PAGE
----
Well, and as this population gets into the workplace, Gallup updated their four year employee engagement study last week and published. I'll read you the headline.




Employees feel more detached from their employers with less clear expectations, lower levels of satisfaction with their organization, and less connection to its mission or purpose than they did four years ago. So to me, that means that leaders aren't connecting with Gen Z and millennials in the way that they had hoped. What's your take?


Yeah, I think it's absolutely true, and I think that dovetails pretty well with those trends in the survey data, which is encouraging, because that survey data is on younger people and not necessarily on employees, and that that's also what that data on employees is showing from Gallup. Yeah, we've got some issues out there with work ethic, with connection. The pessimism that I think started to appear with Gen Z ten or so years ago has now spread upward. I think that's just the national mood just seems to be very negative. And I think that in the workplace where that's showing up is, yeah, quiet, quitting. And why should I be doing this? And there's no point. There's, in psychology, a trait we call locus of control, where if you have an internal locus of control, you say, I can control these things. It's up to me. If I work hard, good things are going to happen. And external locus of control doesn't matter. It's all just luck, and it's all just powerful other people, and there's nothing I can do. And among young people in that transition from millennials to Gen Z in particular, there's a big uptick in external locus of control.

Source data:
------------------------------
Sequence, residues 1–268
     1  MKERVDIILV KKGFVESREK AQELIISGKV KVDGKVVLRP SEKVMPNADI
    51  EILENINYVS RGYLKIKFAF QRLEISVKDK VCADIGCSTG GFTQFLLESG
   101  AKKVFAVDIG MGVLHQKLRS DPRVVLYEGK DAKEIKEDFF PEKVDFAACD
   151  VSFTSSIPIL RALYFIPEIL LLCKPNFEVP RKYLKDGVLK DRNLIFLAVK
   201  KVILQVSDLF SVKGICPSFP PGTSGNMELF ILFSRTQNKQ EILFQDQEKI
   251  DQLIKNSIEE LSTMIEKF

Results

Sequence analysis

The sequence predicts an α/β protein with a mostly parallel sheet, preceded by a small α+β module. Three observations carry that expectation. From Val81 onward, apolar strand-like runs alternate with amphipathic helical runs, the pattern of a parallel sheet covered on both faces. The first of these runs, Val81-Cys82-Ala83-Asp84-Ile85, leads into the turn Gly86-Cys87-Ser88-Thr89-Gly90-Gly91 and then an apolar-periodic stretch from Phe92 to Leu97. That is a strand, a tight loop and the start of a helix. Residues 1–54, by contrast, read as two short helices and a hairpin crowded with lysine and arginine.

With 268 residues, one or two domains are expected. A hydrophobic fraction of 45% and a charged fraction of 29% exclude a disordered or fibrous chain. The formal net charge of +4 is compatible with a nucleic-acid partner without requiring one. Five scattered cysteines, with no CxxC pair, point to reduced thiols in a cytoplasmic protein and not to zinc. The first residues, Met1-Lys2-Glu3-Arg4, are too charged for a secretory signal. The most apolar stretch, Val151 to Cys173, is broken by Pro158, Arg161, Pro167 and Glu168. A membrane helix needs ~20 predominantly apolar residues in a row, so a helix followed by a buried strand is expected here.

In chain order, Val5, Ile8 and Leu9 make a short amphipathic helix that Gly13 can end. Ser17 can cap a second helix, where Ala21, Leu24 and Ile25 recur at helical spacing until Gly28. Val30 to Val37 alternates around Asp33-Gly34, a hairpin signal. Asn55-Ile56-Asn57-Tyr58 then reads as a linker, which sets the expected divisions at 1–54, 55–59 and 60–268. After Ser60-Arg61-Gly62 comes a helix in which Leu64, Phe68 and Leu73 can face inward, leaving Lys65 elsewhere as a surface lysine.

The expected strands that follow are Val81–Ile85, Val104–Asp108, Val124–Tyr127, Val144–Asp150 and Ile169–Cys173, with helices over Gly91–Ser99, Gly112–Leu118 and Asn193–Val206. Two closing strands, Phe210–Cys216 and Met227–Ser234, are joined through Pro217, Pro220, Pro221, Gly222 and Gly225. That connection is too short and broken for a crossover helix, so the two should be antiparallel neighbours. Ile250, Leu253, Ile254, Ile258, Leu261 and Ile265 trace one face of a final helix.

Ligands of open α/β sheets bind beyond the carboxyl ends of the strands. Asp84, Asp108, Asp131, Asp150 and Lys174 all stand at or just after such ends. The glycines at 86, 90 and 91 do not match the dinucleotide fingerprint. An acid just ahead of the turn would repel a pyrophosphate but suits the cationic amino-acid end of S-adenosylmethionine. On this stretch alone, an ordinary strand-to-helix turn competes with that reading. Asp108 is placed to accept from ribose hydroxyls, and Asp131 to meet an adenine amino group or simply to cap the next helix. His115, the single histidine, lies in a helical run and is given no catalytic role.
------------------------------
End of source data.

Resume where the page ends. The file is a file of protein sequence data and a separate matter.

And I think that's spread to the workplace. I think that's spread up the age scale. There's just, unfortunately, this really pervasive pessimism of I could work really hard and it doesn't matter, I won't get anything. And I think that's something we have to be aware of as well. It's trying to counter some of that.


Well, yeah, how do we change that? Right. So it seems to me, if I'm a manager, I've got to teach people that they have an internal locus of control, they're in control of their career.


But they have agency, and that we.


Have to support the grabbing and taking of agency. And I wonder, is there a distraction factor here? Smartphones and social media? And are they creeping now into the workplace?